I think ‘better’ is not a term to compare quality of the same entity in two different generations, I think it’s about doing something totally new or taking a further step within the paradigms of a shared ideal. Ideals can be different, but parents are fascinated by ‘progress’ and avoiding ‘trouble’ I guess.

I am sure my parents underwent some troubles and want me to avoid them, but weirdly those troubles are what made them what they are and I fear if I don’t face those ‘troubles’ I will be more fragile and less resilient than them and that can make my children lesser individuals than I am, thus possibly triggering a negative trend for futures generations of Auf’s.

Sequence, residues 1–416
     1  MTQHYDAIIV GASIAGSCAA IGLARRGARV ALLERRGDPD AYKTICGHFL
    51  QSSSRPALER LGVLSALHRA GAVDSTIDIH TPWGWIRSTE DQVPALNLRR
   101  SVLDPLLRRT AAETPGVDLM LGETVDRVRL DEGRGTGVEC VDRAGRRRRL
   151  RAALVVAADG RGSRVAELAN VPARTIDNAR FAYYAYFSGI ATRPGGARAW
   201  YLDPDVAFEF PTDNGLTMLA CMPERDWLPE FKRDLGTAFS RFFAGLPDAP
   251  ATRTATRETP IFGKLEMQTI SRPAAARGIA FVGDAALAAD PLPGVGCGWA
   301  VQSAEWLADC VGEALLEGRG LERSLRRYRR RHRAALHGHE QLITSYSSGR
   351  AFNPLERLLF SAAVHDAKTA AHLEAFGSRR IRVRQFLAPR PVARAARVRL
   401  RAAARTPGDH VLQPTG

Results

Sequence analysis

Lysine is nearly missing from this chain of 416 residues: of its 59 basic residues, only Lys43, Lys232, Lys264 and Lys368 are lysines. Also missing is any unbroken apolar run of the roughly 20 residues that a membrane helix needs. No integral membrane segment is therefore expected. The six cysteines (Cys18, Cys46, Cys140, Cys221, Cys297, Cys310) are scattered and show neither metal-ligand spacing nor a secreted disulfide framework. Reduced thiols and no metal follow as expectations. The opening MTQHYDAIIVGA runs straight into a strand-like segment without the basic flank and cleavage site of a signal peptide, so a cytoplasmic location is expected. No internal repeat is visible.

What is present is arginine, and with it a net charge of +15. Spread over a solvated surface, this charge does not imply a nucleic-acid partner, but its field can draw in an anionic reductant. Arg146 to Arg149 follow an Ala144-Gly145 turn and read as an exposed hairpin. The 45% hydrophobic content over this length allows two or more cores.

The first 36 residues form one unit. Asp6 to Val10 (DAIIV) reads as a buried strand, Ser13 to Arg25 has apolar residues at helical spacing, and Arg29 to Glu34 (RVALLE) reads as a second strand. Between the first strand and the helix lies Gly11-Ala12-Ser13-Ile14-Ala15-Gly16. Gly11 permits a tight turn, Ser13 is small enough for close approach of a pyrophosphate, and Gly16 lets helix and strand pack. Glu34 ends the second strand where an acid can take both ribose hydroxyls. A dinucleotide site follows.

This whole thing is a big paradox of repetitions, including the good,bad and the ugly.

Purely my opinion and I may have lost the plot by a huge margin.

Charlene said...

Since the whole this is subjective, there's no way all can be anything.

Rhythmic Diaspora said...

Sach + Charlene - Yes, I think my use of the word "all" should be replaced by " most". As a rule of course, I don't like to generalise!

F - I feel similar to you except the bit about mistakes. I don't want my kids to make terrible and costly mistakes but I think that generally mistakes are a good thing as they suggest a person is pushing boundaries.

DB - Yes, I hope and also have a feeling that they'll both retain and grow the connection.

The Auf - Thank you for the comment.